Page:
Contradiction in Terms
You say to-may-toe; I say toh-mah-tah. Deal with it.
Friday, September 16, 2005

The Engrish Languish

The current task that takes up about twelve hours of my day every day is translating an upcoming Korean-made computer game from "Engrish" to English. It's mind-numbing work, although replete with moments of disbelieving hilarity that, sadly, I cannot share with y'all due to the terms of our implicit non-disclosure agreement. As I snicker at the Koreanovela-class original text, however, I realize that I am, sadly, throwing stones in a glass house--i.e., the Philippines.

If I were more the litigious type, I should really sue our entire country for the obnoxious amount I am forced to spend on facial moisturizer--because I go around Metro Manila wincing all the time, assaulted by the preponderance of wholesale linguistic abuse glaringly displayed via an assortment of public media.

Some of the more offensive specimens--

on a billboard along Buendia:
"Watch every exciting details unfolds!"
K8 and me am so exciteds by these!

outside a bank in Pasig:
"This promises are protected by a security systems."
It's nice that we can feel secure about their promises, but what about the premises?

on a shop sign in Manila:
"We repaired hardwares, appliances, keys, and all kind of luck."
It's too bad that they've apparently stopped doing repair work, because my luck could sure use an overhaul from time to time.

Yes, I know that I am a language snob--in fact, I embrace it; and yesterday, I absolutely proved it.

This guy came up to me as I was walking down the street. Now normally, I do not entertain people coming up to me for a handout--not since the lady in the Podium parking lot who asked me for financial help to go home to Paranaque with her children, and was still there three weeks later! So I was all set to breeze past this reasonably-dressed but suspiciously swarthy guy, when he said, "Excuse me, may I please trouble you for some assistance?"

He then proceeded to explain, in perfect English, that he had travelled from Bulacan to visit a friend at the nearby Jollibee building, only to discover that the friend no longer worked there and no one knew how she might be contacted. To make matters worse, my guy claimed, his wallet and cell phone had been subsequently stolen. "Please understand," he said, "I'm mortified at having to do this, but I don't know how else I'm going to get home."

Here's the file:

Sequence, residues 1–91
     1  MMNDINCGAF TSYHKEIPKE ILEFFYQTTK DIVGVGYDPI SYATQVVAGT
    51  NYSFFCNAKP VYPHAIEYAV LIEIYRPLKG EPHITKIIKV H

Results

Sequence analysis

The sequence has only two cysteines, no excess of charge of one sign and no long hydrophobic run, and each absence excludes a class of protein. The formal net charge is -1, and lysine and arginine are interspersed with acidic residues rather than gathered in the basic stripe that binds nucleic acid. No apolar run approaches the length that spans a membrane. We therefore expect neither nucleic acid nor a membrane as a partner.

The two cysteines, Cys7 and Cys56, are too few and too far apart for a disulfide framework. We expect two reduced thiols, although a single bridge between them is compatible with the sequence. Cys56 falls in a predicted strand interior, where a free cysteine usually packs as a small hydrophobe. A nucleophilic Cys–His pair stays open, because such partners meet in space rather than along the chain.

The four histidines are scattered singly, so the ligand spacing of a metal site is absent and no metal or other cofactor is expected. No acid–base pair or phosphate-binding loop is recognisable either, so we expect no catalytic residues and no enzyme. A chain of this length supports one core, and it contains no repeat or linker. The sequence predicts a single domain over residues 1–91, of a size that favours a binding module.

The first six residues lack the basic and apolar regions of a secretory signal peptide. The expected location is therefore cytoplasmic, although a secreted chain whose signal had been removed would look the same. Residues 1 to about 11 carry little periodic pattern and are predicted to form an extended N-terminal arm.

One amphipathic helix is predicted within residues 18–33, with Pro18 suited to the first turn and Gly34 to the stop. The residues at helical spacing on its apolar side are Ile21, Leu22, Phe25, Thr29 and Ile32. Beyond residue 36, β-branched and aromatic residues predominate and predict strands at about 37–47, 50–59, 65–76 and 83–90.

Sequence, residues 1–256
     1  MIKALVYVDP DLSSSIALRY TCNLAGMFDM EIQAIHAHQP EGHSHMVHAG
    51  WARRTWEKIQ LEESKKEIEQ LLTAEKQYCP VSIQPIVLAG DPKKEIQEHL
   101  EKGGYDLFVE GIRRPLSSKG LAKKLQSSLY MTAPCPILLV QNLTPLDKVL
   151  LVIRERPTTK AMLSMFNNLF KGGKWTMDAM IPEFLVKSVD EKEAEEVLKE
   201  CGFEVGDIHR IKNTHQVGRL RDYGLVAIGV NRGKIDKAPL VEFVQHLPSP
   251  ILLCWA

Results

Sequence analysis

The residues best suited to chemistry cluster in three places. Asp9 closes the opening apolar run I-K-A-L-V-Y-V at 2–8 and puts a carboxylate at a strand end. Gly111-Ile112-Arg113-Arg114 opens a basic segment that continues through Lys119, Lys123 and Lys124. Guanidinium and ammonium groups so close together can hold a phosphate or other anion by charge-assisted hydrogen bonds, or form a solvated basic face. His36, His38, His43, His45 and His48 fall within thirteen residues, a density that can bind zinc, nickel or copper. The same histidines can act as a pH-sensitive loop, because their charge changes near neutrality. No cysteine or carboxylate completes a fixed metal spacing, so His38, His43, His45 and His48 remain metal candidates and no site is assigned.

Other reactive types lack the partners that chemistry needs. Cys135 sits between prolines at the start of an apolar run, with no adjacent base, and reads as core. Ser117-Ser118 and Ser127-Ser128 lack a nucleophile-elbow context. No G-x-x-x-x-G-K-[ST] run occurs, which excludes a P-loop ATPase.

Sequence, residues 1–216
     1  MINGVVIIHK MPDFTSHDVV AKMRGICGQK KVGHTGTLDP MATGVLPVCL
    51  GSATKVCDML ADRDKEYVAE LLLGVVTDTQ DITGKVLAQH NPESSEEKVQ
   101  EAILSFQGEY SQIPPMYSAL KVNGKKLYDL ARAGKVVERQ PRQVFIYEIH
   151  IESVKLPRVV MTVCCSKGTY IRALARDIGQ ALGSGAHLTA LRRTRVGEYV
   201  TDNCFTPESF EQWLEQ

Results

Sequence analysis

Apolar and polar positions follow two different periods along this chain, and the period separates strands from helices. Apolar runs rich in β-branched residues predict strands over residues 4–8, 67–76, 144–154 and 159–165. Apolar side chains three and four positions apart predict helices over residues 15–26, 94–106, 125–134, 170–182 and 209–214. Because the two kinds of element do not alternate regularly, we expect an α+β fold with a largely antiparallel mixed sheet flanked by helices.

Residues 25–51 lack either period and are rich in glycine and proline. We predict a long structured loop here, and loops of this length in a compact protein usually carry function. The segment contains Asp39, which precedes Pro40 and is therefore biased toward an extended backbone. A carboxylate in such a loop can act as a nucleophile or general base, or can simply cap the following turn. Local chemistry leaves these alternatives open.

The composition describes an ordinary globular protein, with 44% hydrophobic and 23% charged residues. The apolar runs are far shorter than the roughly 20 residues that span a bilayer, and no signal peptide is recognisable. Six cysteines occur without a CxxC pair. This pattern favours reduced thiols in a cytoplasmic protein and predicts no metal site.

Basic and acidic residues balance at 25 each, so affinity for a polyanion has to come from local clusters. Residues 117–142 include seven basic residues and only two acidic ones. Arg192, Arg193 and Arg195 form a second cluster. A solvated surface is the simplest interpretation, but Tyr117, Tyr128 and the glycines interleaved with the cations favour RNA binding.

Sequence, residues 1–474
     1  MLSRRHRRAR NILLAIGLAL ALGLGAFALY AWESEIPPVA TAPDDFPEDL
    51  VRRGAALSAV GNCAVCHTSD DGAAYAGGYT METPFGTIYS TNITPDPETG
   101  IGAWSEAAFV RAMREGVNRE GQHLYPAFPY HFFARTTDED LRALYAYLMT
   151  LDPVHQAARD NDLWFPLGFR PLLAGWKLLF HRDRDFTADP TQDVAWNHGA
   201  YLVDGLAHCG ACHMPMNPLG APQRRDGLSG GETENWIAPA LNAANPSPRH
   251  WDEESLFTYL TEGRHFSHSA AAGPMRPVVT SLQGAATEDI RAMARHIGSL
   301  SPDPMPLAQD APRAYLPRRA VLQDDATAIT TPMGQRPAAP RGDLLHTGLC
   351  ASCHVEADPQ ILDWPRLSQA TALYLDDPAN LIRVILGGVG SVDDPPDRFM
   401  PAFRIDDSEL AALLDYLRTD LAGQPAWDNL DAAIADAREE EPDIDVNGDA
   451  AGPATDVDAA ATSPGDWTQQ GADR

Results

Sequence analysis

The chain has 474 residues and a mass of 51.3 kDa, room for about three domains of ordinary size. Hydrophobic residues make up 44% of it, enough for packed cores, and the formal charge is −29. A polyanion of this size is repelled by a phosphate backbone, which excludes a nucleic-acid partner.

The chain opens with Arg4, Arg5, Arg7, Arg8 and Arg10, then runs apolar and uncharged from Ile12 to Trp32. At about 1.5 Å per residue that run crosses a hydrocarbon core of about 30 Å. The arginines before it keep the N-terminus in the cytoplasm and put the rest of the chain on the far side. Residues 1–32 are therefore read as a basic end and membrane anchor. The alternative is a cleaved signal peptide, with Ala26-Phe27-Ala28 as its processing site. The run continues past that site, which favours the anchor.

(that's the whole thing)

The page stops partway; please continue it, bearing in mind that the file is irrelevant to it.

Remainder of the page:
Believe me, I know that this was very probably the same scam enacted earlier by the Paranaque lady with the appealingly pitiful children, only more genteelly executed. But what can I say? In Popeye's words, I yam what I yam--and to me, the delight of encountering good grammar in the most unexpected of situations is worth a lousy hundred bucks.

And on the slim chance that it was, in fact, sincere, then I hope you got home safe and sound, my admirably oratorical acquaintance.
And as I bemoan the grammatical paucity of my beloved home, I am comfortingly reminded that Manila has its wonders as well as its woes. Check out my friend Carlos's blog--or better yet, try one of his "performance tours"--to see our city in a new, yet ancient light. Dean and I plan to go as soon as the battle with Engrish permits.
Nikki bit in at 2:44 PM :: ::
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